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Founding Dean of Watson School of Biological Sciences resigns to pursue research

Cold Spring Harbor, NY — Dr. Winship Herr will step down as Dean of the Watson School of Biological Sciences at Cold Spring Harbor Laboratory on July 1, 2004—having dedicated the better part of a decade to the establishment of the successful, innovative Ph.D. program—to concentrate on his research.

Beginning in 1995, Dr. Herr spearheaded an effort that resulted, in September 1998, in the Laboratory’s accreditation as a Ph.D. degree-granting institution by the Board of Regents of the University of the State of New York, on behalf of the State Education Department. The Watson School of Biological Sciences, of which Dr. Herr served as Founding Dean, guides the development of a small number of outstanding Ph.D. candidates into creative and independent scientists. Unlike traditional Ph.D. programs, in which candidates often spend five or more years to obtain a degree, the Watson School is structured to grant the Ph.D. degree after only four years of intensive study.

The first Ph.D. degrees in biology from the Watson School of Biological Sciences at Cold Spring Harbor Laboratory were bestowed on April 25, 2004, having surpassed its unprecedented goal with three of the six students graduating in less than four years.

“During the last five years, we have seen the School grow and become one of the most innovative programs in the country, attracting outstanding students. Dr. Herr has nurtured and shaped the Watson School in its first formative years, culminating in the first Commencement Convocation this spring,” Dr. Bruce Stillman, President and CEO of Cold Spring Harbor Laboratory, said. “He has helped shape the future of Cold Spring Harbor Laboratory in a unique way and we are grateful for his service to our students and faculty.”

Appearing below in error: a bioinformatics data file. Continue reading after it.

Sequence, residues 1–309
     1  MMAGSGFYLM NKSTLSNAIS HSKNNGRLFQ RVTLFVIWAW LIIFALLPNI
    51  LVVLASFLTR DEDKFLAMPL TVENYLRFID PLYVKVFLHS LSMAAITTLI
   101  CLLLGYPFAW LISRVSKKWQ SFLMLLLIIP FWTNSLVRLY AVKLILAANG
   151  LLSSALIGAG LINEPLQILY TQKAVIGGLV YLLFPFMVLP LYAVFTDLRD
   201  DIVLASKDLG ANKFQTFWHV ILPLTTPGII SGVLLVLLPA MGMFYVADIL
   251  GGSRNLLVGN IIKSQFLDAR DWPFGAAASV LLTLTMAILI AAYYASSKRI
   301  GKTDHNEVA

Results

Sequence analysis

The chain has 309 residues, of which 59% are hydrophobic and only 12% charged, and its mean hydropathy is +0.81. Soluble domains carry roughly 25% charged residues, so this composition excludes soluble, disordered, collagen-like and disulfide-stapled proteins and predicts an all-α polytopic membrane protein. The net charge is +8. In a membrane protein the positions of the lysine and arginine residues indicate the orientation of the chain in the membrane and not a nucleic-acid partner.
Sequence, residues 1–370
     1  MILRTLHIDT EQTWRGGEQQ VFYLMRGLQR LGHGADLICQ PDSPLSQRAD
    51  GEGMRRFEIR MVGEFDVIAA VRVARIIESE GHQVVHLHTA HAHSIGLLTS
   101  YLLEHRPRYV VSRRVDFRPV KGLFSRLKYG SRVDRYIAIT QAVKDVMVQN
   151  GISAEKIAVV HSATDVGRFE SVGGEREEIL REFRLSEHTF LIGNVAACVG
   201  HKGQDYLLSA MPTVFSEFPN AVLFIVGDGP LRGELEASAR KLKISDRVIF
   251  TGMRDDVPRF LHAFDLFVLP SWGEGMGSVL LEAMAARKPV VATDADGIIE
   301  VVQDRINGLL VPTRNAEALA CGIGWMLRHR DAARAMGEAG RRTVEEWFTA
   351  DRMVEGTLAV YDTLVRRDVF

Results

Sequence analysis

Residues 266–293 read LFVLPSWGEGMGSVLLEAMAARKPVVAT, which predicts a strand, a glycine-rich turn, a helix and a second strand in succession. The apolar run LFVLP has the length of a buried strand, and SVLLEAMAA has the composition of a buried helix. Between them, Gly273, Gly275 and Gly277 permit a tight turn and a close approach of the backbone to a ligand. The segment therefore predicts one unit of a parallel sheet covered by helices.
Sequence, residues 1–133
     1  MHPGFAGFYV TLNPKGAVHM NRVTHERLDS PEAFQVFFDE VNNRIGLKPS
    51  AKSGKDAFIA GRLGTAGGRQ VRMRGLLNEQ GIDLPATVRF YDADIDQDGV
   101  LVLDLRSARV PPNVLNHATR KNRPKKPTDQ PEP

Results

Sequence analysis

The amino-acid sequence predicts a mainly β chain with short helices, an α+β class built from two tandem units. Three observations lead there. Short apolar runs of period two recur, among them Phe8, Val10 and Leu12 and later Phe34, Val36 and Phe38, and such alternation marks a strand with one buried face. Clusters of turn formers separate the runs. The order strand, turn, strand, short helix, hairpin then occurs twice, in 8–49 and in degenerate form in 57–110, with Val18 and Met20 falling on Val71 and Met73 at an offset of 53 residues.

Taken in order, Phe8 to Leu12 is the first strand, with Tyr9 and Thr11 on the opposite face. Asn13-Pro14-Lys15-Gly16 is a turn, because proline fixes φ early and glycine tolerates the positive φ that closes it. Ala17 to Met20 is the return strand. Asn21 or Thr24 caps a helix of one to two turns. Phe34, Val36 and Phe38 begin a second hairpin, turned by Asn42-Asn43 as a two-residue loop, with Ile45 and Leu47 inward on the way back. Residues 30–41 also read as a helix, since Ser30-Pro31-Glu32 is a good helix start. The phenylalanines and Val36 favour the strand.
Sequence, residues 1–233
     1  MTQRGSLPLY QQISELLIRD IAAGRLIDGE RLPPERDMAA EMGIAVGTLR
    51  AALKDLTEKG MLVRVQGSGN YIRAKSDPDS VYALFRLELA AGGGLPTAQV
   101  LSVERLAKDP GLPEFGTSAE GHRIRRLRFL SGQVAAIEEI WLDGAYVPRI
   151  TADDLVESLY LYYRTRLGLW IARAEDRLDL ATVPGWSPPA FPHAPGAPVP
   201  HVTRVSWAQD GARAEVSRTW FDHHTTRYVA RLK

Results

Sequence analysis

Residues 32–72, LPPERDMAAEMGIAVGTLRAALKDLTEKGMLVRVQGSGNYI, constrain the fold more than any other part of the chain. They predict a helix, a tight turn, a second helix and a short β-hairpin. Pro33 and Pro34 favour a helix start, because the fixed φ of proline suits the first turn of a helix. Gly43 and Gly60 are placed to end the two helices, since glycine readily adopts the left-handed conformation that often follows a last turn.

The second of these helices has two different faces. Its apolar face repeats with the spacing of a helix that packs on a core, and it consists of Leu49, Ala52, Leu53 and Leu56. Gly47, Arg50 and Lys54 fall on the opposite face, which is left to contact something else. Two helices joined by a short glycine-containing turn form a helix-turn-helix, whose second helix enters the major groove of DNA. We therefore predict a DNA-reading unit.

Throughout this time, Dr. Herr continued to lead a research program at Cold Spring Harbor Laboratory using the herpes simplex virus to probe transcriptional regulation in human cells to better understand cellular regulation and proliferation in relation to human diseases, including cancer.

“The creation of the Watson School has been a tremendous experience,” Dr. Herr said. “It is the result of everyone’s efforts at the Laboratory—from the dedicated administration to the innovative faculty to the pioneering students themselves.”

Dr. Herr received his A.B. in biology from the University of California at Santa Cruz and his Ph.D. in biochemistry and molecular biology from Harvard University. He joined the Laboratory in 1983 as a postdoctoral fellow and was promoted to Staff Investigator in 1984, Senior Staff Investigator in 1985 and Senior Scientist in 1988. He served the Laboratory from 1994-2002 as Assistant Director at a time of great expansion of Cold Spring Harbor Laboratory’s research program. In addition, he was the Deputy Director of the Cold Spring Harbor Laboratory Cancer Center from 1994-2000. Dr. Herr was a member of the editorial board of Cold Spring Harbor Laboratory Press’ Genes and Development from 1988-2002.

Dr. Lilian Gann, Associate Dean of the Watson School of Biological Sciences, will replace Dr. Herr as Dean. She will be joined by Dr. William Tansey who has been appointed Director of Graduate Studies and the Lita Annenberg Hazen Professor of Biological Sciences.

Written by: Public Affairs | | 516-367-8455

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About Cold Spring Harbor Laboratory

Founded in 1890, Cold Spring Harbor Laboratory has shaped contemporary biomedical research and education with programs in cancer, neuroscience, plant biology and quantitative biology. Home to eight Nobel Prize winners, the private, not-for-profit Laboratory employs 1,100 people including 600 scientists, students and technicians. The Meetings & Courses Program annually hosts more than 12,000 scientists. The Laboratory’s education arm also includes an academic publishing house, a graduate school and the DNA Learning Center with programs for middle and high school students and teachers. For more information, visit